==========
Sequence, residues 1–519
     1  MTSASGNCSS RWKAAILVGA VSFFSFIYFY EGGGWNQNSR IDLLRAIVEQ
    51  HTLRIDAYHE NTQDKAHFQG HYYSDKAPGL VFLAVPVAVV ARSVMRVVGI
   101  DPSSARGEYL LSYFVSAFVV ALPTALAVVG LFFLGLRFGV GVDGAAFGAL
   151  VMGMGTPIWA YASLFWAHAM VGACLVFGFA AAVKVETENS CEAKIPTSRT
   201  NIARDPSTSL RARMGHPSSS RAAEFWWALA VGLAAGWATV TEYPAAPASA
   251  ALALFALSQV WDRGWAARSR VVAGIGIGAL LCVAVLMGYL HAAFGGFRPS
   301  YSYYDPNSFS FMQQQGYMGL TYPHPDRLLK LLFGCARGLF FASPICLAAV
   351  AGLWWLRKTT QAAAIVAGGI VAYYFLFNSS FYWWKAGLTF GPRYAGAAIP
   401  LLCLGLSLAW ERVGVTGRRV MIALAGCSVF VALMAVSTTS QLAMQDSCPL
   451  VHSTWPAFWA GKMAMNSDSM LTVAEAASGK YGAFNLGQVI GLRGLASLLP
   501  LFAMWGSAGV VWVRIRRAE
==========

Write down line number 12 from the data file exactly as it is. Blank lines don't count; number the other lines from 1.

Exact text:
   501  LFAMWGSAGV VWVRIRRAE